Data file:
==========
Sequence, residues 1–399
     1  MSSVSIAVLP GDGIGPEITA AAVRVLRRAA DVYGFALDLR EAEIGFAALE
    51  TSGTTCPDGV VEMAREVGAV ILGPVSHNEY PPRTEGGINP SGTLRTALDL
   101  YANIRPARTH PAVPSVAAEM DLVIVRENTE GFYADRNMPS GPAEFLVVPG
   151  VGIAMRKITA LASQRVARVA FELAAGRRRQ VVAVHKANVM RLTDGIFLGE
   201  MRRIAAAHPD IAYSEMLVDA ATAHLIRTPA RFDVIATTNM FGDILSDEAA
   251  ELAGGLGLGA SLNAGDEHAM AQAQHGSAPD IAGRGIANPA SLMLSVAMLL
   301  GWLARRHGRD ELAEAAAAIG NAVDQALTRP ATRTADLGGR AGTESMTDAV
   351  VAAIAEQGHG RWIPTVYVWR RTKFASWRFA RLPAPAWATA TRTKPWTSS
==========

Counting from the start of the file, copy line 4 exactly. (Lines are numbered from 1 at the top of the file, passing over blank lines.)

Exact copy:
   101  YANIRPARTH PAVPSVAAEM DLVIVRENTE GFYADRNMPS GPAEFLVVPG